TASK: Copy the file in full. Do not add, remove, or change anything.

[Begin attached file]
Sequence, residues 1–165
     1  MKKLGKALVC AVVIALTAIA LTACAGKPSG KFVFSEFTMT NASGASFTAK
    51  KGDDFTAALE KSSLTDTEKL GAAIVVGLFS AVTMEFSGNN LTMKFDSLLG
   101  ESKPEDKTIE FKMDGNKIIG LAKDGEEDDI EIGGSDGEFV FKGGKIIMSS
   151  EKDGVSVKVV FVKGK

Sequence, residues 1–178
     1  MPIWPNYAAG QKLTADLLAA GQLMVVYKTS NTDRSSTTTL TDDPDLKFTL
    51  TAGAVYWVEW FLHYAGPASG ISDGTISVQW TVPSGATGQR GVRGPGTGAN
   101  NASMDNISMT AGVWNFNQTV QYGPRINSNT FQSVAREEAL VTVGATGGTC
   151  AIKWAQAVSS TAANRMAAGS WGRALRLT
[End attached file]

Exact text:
Sequence, residues 1–165
     1  MKKLGKALVC AVVIALTAIA LTACAGKPSG KFVFSEFTMT NASGASFTAK
    51  KGDDFTAALE KSSLTDTEKL GAAIVVGLFS AVTMEFSGNN LTMKFDSLLG
   101  ESKPEDKTIE FKMDGNKIIG LAKDGEEDDI EIGGSDGEFV FKGGKIIMSS
   151  EKDGVSVKVV FVKGK

Sequence, residues 1–178
     1  MPIWPNYAAG QKLTADLLAA GQLMVVYKTS NTDRSSTTTL TDDPDLKFTL
    51  TAGAVYWVEW FLHYAGPASG ISDGTISVQW TVPSGATGQR GVRGPGTGAN
   101  NASMDNISMT AGVWNFNQTV QYGPRINSNT FQSVAREEAL VTVGATGGTC
   151  AIKWAQAVSS TAANRMAAGS WGRALRLT